Most geo mashups such as GeoMeme display Tweets and other geo-located content as points on a map, based on exact latitude/longitude coordinates. Easy.
At the inaugural Chirp Conference this week, Twitter released its Places feature which instead allows Tweets to be approximately geo-located, within a ‘Place’ of chosen granularity; a city, or a neighborhood, perhaps a restaurant or a park.
This is a great option for users who have ‘geo-privacy’ concerns about revealing an exact latitude/longitude.
However, this approach presents a challenge to developers on the Twitter platform: how can approximately-located Tweets be displayed on a map?
Moreover, users need app developers to adopt a standard way of showing these approximately-located Tweets on a map. A consistent approach by developers will help users form a consistent understanding of this Twitter feature, in a similar way that @anywhere Hovercards provide a consistent approach to showing data about a particular Twitter user.
I hacked it together at Chirp, because I will need something like this for GeoMeme, and also to share it with other developers and encourage a standard approach.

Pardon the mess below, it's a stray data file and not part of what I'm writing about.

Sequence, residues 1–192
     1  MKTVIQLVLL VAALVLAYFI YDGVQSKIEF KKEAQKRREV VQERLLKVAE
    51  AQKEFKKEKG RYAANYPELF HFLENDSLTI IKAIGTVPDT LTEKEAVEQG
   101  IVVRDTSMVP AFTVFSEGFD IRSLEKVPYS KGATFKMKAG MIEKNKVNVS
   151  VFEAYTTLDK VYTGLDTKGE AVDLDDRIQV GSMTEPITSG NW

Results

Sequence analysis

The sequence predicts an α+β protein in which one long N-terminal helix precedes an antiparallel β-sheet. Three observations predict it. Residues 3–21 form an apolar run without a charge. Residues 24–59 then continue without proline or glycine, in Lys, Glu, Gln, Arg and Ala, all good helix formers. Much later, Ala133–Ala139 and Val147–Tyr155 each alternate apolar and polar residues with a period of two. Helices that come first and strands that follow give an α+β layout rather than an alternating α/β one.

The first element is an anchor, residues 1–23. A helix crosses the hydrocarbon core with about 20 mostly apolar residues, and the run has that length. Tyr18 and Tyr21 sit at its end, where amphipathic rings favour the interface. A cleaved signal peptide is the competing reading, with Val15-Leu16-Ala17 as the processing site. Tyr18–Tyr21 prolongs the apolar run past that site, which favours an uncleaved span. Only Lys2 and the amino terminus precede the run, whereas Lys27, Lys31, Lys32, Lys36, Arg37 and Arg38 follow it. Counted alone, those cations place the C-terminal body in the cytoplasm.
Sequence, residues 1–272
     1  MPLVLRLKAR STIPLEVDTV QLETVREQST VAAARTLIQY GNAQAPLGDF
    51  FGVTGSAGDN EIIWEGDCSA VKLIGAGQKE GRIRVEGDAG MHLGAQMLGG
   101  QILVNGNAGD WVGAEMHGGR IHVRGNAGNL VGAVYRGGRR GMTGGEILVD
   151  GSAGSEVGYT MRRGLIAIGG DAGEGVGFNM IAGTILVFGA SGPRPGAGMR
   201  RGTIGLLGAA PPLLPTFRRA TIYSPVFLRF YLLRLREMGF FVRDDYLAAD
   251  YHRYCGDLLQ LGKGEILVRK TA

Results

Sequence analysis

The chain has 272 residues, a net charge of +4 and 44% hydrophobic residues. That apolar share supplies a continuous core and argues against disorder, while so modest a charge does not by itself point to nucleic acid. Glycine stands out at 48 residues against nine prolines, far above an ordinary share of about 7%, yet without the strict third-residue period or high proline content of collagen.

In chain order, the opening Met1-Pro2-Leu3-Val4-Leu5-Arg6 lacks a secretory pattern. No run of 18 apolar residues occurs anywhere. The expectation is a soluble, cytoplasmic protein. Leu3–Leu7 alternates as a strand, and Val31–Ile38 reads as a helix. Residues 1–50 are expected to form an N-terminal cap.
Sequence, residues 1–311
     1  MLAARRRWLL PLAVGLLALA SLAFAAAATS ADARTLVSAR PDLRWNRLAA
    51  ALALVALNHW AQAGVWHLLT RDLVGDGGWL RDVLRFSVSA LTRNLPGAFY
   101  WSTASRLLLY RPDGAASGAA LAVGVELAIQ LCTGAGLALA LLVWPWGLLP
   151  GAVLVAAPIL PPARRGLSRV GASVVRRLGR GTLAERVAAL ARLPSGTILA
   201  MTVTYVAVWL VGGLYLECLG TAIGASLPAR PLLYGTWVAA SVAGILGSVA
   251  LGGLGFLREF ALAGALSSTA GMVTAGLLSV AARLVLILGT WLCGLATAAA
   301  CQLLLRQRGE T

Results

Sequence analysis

Exactly-located tweets are represented by a profile image atop a blue pin.
Approximately-located tweets are represented by a semi-transparent profile image, placed along one of the edges of the Place polygon, at a consistent position so that zooming in and out does not shuffle the tweets.
Here’s an example, with thanks to the Twitter API team for sharing their geo-location. The tweet on the left hand side from @raffi is approximately located:
Hovering over a marker will trigger the display of any corresponding Place as a semi-transparent polygon. Hence the user can understand the area from which an approximately-located tweet was posted:
You can see the working demo at http://bit.ly/polytweetdemo which includes an added bonus of Hovercards.
See the source code for usage instructions and details of how to tweak the style of the markers and polygons.